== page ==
New York City today is an advanced outpost of the demographic diversity that is transforming the nation. “Non-Hispanic whites” now make up less than one-third of the city’s population. Thirty-six percent of the city’s population is foreign-born– including 27 percent of whites, 32 percent of blacks, 41 percent of Hispanics, and 72 percent of Asians–and many of the “natives” are in fact the young children of immigrants. Whites are now a minority in the city, and the numbers of the “traditional” native minority groups–African Americans of native parentage and Puerto Ricans–are also in decline. Immigrants make up an even larger portion of the city’s young adults, and most of the city’s children have immigrant parents.
These young people grow up amidst many institutions that were built for past generations of immigrants and their descendants. The exclusion and mistreatment of immigrants in the past led to the creation of many of the city’s most immigrant-friendly institutions. Catholics and Jews created schools, universities, hospitals, day camps, sports leagues, and nursing homes because they either did not feel comfortable in or were actively excluded from established institutions. As the original immigrants who needed those institutions moved away or assimilated into the middle class and the demography of the neighborhoods around those institutions changed, the institutions began to serve the newcomers and their children. In a country like the United States, which has no federal agency devoted to immigrant assimilation (unlike many immigrant-receiving countries), these local institutions and local government actions are resources that facilitate immigrant integration and social mobility.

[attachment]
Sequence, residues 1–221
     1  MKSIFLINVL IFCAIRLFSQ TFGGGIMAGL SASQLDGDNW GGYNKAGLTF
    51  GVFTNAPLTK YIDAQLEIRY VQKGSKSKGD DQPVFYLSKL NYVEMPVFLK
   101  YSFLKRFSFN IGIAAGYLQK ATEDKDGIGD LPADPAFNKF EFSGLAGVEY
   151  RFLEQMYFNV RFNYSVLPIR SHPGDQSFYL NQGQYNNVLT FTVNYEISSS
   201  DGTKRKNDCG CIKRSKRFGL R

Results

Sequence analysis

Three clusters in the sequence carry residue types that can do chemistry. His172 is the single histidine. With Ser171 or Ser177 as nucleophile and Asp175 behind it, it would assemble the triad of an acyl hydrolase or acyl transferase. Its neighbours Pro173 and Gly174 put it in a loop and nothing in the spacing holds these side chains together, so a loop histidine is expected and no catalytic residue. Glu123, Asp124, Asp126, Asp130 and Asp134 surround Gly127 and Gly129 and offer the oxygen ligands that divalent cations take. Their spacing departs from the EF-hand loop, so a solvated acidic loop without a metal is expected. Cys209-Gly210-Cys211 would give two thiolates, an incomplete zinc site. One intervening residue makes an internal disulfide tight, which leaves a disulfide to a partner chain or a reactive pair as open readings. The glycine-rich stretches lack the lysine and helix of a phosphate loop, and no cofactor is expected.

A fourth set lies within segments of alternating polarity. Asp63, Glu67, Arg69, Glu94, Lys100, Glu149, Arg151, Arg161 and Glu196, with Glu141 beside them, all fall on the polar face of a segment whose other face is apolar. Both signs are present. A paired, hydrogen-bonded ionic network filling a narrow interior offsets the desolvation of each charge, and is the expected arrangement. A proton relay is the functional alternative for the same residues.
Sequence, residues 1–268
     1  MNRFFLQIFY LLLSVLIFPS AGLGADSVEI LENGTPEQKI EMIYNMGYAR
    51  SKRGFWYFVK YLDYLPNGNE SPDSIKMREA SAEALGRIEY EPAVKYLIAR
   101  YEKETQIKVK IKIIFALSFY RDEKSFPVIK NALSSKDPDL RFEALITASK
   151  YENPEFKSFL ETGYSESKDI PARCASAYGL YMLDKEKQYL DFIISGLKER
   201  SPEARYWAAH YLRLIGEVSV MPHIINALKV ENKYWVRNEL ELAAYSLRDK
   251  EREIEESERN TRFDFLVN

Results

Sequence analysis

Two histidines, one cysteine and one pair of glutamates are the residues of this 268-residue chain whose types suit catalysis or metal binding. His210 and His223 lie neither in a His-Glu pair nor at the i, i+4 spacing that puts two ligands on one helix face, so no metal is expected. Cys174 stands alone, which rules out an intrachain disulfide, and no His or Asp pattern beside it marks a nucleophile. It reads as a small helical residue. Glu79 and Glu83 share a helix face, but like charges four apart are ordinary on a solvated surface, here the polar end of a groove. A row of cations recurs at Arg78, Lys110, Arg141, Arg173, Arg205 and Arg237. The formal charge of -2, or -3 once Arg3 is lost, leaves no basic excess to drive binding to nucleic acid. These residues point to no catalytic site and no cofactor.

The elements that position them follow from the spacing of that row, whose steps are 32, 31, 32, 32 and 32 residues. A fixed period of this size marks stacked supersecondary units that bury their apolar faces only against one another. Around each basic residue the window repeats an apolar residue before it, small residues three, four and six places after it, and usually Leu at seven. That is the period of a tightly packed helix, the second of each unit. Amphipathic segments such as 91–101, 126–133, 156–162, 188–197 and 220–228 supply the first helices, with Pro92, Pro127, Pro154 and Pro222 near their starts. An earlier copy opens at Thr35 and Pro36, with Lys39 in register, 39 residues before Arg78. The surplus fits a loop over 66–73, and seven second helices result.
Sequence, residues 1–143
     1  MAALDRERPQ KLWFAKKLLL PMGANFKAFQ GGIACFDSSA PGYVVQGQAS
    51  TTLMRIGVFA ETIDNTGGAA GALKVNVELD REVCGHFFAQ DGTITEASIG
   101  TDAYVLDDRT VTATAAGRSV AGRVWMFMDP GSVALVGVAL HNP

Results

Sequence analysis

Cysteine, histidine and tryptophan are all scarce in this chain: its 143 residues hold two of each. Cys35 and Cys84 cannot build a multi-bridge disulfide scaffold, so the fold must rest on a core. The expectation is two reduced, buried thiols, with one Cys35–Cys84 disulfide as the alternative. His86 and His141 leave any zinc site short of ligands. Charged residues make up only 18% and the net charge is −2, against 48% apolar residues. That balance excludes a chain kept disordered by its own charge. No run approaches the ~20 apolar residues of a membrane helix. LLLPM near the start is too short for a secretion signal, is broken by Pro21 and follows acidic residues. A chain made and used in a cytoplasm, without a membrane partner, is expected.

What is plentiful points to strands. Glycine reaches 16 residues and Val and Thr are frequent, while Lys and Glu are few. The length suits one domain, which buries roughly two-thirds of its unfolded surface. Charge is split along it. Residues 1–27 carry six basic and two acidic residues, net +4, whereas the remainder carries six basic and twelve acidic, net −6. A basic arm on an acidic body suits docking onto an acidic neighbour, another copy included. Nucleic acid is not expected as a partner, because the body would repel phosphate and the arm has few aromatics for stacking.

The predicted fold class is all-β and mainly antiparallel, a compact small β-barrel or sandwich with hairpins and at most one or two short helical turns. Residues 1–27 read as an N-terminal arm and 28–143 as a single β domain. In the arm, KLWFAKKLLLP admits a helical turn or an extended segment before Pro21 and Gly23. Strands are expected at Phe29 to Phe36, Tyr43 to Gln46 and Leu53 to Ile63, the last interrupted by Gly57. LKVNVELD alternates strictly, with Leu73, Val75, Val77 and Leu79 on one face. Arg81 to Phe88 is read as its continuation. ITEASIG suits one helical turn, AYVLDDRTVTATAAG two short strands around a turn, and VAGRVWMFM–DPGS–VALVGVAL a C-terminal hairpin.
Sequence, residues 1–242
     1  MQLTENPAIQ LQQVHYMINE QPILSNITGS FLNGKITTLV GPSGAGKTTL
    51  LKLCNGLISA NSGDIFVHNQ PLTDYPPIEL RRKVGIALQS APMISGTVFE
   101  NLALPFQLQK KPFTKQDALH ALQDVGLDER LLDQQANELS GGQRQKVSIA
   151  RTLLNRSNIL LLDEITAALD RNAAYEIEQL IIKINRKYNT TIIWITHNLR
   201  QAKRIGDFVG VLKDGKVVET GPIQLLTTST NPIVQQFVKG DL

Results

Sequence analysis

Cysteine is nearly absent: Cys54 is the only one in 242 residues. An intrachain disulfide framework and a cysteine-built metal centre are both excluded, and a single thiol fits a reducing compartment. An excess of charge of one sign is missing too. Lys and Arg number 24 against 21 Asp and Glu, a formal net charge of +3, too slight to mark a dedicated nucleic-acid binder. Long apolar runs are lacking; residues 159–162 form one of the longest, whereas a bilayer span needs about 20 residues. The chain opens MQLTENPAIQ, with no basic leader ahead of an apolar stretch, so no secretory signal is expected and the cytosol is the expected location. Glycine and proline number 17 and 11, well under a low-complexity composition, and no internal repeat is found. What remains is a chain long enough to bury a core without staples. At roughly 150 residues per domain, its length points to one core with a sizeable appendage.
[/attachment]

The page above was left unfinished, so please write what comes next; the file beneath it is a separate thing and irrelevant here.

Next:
Catholic elementary and high schools are an example. Many Catholic immigrants in the nineteenth century did not feel welcome in the Protestant-dominated public schools. Over time, and especially during the height of immigration at the turn of the twentieth century, they founded a network of Catholic schools. By 1920, there were 1.8 million students in Catholic schools nationwide. New York City was home to many of these Catholic schools, which educated the children and grandchildren of Irish, Italian, and Polish immigrants. At their peak enrollment in the 1960s, the Catholic schools had already begun to enroll the African American and Puerto Rican children whose parents came to the city seeking the same better life. As the third-generation whites began to leave the city or chose other forms of education, the Catholic schools began to attract the children of the new immigrants coming to New York from all over the globe. Today, the Archdioceses of New York and Brooklyn enroll more than 100,000 children, the majority nonwhite, and at least a quarter of whom are not Catholic, but whose parents scrape together the average $3,500 a year in tuition for a better education than they believe the local public schools can provide.